Who would you rather have on your fantasy squad? Phil Kessel or Patrick Kane? Analysis here…
When I stepped in to do the May 21st Ramblings, one of the comments I received was from "tothemax", who thought I should try to incorporate elite players in Cage Match more often. Well – when it comes to Cage Match, ask and you shall generally receive – this week sees Patrick Kane pitted against Phil Kessel in a battle of arguably two of the NHL's top wingers.
Career Path and Contract Status/Cap Implications
In Kessel and Kane you have two former top five overall draft picks (Kane went first in 2007, Kessel fifth in 2006) who landed the NHL for good the same year they were drafted. Both are now 500+ game NHL veterans, and genuine fantasy cornerstones.
Kane has hit the point per game mark four times, and although his full season career high is only 88 points (achieved back in 2009-10), his 55 points in 47 games for 2012-13 projected to 96 points over an 82 game season. Also, three of his point per game seasons have come in the last four campaigns.
Kessel started his career slowly with Boston, but has now scored 30+ goals in each of the past five full seasons, making him one of only three NHLers to achieve that mark (Alex Ovechkin and Patrick Marleau are the others). Kessel hasn't actually finished a full season above 82 points so far; like Kane – his best season was the lockout-shortened 2012-13 campaign, although his 52 points in 48 games only projected to 88 points (versus Kane's projected 96).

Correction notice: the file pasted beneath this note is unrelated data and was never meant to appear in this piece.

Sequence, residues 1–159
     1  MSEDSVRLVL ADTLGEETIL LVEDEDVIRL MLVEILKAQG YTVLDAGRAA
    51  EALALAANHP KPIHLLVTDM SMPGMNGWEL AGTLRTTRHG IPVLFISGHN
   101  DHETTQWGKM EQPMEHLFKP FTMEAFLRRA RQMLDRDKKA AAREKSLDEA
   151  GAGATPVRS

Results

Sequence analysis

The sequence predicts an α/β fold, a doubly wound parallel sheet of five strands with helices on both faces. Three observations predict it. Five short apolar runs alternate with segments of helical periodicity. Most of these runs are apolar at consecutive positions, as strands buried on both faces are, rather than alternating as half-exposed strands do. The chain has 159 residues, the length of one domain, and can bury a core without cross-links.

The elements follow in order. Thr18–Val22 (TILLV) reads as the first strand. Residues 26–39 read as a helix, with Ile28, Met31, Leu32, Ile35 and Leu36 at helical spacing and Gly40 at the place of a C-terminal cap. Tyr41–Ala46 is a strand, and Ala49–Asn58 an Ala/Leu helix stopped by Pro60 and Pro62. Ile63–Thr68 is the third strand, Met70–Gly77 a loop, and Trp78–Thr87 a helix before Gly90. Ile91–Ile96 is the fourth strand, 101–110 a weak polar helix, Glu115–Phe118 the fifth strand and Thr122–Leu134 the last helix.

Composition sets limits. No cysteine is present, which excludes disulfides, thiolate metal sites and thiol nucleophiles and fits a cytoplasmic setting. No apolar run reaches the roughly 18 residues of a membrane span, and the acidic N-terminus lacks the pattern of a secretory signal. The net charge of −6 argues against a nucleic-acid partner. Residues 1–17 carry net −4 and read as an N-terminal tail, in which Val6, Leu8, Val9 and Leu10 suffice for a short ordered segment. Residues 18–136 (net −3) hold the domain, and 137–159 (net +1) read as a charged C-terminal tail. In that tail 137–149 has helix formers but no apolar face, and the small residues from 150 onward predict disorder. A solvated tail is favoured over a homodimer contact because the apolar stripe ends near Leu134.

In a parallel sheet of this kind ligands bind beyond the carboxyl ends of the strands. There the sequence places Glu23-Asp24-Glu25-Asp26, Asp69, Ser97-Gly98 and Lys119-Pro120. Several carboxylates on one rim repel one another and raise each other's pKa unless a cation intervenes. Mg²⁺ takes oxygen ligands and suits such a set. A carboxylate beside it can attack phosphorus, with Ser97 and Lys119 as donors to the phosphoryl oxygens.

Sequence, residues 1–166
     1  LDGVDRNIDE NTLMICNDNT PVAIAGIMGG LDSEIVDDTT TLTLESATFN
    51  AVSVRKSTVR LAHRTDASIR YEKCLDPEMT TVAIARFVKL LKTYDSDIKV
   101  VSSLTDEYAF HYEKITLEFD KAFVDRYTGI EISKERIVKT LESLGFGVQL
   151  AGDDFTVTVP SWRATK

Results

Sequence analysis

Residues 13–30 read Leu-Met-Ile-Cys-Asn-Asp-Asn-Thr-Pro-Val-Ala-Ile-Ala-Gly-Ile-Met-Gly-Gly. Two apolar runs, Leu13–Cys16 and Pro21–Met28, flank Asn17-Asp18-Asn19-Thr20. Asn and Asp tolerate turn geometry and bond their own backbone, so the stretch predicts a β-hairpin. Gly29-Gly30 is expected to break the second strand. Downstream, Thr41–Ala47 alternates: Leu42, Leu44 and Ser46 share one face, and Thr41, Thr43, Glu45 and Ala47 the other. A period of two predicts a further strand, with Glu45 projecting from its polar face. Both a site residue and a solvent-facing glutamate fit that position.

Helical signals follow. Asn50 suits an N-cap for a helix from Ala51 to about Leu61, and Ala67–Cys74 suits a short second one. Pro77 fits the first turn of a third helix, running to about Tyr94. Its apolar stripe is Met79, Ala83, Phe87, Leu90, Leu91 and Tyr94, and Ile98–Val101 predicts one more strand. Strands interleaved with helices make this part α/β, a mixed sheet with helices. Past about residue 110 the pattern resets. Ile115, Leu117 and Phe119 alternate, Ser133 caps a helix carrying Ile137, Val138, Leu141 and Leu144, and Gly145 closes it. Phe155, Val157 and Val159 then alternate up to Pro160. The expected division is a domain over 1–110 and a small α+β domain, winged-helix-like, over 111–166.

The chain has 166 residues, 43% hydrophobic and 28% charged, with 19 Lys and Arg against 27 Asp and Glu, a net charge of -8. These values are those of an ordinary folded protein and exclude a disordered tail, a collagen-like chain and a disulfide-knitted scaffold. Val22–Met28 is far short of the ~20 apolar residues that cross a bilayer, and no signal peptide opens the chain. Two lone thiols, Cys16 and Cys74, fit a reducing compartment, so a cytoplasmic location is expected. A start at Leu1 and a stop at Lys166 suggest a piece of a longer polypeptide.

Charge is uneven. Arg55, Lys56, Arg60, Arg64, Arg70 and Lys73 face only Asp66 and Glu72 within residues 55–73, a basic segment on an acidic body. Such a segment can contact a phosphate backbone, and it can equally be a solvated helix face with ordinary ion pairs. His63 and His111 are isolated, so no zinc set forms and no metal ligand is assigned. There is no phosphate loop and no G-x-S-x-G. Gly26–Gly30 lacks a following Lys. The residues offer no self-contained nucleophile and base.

It should surprise no one that these are two very well paid players, with Kessel's cap hit for 2014-15 being $8M (8th highest among NHL forwards according to Capgeek) and Kane's being $6.3M (tied with teammate Jonathan Toews for 24th highest, according to the same source). But the key is Kane's deal expires after 2014-15, while Kessel's more freshly inked contract runs through 2021-22, which means that a year from now Kane's cap hit should be on a par with – if not higher than – Kessel's.
Kane had already produced an 88 point campaign before 2010-11 so I'd expect his Ice Time to be pretty constant. On the other hand, Kessel only managed a single 60 point season prior to 2010-11 and it wasn't until 2011-12 that he really took off, so it'll be interesting to see if increased Ice Time led to increased production for Kessel, or vice versa. Since both players have the same initials, I denoted Kessel as "(Phil)" and Kane as "(Pat)". Also, I didn't include SH Ice Time since neither had more than seven seconds per game in a season.